The resulting travelogue, akin to de Toqueville’s, will delight even the most dedicated enemy of the Tide and the remnant of the dynasty that the legendary Bryant fashioned over the course of his amazingly successful career. When the author attends an early season party, at which the University annually hosts another regiment of fans, that of Bryant's namesakes, the reader may remember having read other reporter's accounts of one of the difficulties that used to plague many patriotic Alabamians. Although St. John wisely avoids revisiting the state's civil rights struggles, the ever-increasing legion of Bryant’s namesakes, of various races, serves to explain how it would have been easier to name a son after the Bear than, for example, George Wallace.

To boot, the book serves as a primer for anyone not yet disabused of the thought of joining the aforementioned Alabama road regiment. As St. John points out, the typical RV owner's two happiest days are the ones on which he buys and sells his RV! In the meantime, necessity forces him to adapt to, and invent innumerable ways to redress, a series of calamitous discomforts and breakdowns, which even the most enthusiastic "road warrior" must inevitably attribute to the curse of Auburn fans or that of any one of several other opponents that have enjoyed little or no success against the Tide.

New Yorkers who still wear socks with sandals, disparage grits, and cannot remember that the contraction "y'all" cannot be used to refer to one individual will (nevertheless) enjoy this book. (After all, they have declared futile any attempt to understand their own cab drivers, whose innumerable dialects could surely pose no greater problems than those that roll off the tongues of the East Tennessee plowboy and the Ninth Ward refugee.) Southerners who cannot imagine any reason to venture north of Lexington will find a particularly revealing pleasure in this book. It simultaneously justifies and undermines the regional cultural prejudices peculiar both to the indolent Yankee redneck and the industrious Southern professional. In short, fans of the uniquely American world of college football and of the broad diversity of their fellow fans' lifestyles will read this book and laugh hysterically at themselves and each other.

Best wishes, W. E. Jessup
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(3 of 5 readers found this comment helpful)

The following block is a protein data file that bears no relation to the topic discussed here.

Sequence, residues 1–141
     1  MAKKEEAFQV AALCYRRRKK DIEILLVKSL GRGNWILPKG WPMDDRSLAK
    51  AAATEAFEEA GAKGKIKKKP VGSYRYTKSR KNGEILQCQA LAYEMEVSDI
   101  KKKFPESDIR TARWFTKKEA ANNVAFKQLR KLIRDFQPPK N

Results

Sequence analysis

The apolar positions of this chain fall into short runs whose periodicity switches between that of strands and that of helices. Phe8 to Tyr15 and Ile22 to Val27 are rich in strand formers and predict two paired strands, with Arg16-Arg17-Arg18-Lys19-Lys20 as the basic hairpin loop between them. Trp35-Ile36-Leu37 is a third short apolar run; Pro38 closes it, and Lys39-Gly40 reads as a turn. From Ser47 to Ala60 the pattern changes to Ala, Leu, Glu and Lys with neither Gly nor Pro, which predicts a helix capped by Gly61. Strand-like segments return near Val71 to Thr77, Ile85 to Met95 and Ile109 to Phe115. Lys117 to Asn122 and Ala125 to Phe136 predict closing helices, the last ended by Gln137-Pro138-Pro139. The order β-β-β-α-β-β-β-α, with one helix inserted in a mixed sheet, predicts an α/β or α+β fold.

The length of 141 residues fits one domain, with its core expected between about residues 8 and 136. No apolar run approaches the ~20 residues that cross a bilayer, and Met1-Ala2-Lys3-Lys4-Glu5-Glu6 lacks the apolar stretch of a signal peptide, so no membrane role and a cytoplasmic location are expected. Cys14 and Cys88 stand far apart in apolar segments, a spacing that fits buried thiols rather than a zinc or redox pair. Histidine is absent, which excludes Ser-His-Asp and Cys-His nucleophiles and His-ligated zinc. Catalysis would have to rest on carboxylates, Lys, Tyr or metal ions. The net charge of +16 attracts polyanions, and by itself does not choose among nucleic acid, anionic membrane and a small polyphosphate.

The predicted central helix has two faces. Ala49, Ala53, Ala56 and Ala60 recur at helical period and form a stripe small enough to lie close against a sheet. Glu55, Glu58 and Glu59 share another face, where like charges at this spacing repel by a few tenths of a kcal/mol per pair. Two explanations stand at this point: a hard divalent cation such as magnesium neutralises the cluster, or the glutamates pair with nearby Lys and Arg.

Oregon My Oregon by Ray Atkeson
Oregon My Oregon

William Jessup, December 25, 2006

Dear Powell's Books:

My friends know of my love of the works of Ray Atkeson. From Crater Lake to the Wallowas, and from the Blue Mountains to the Three Sisters to Astoria, Mr. Atkeson's works justify the Oregonian's belief that his state's natural wonders best exemplify the motto "America the Beautiful." This book and those in his "Oregon" series contain many of his spellbinding photos.

Anyone who has viewed Mr. Atkeson's shots of the Columbia River Gorge would not dispute the belief that the good Lord ended his sixth day's work there. After having set free the mighty Columbia River and watching it carve its broad ribbon, He must have seen that it, indeed, was good.

Back in 1988, I lived in Portland and became familiar with the wonderful photographs of Oregon's "Photographer Laureate." When I wanted to obtain a copy of one of his shots of Mt. Hood, framed by a beautiful explosion of pink, white and purple rhododendron clusters, I pulled down a copy of the Portland telephone directory and found Mr. Atkeson's listing. When he answered my call, he could not have been more approachable and gracious. He told me that he feared that his licensing agreement with the postcard publisher might prevent him from selling me a copy of the shot, which I wanted to frame and hang on my office wall. Although his reservation proved prophetic, our conversation enriched me.

Today whenever I want to plan a vacation trip to Oregon, I turn again to Mr. Atkeson's shots and wrestle with planning my itinerary and trying to decide where to spend my valuable days and nights. Like the good Lord's creations that they celebrate, Mr. Atkeson's spectacular works richly deserve the praise that so many photographers and naturalists have lavished upon them.

With best wishes, I am...

Yours truly,

W. E. Jessup
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(15 of 17 readers found this comment helpful)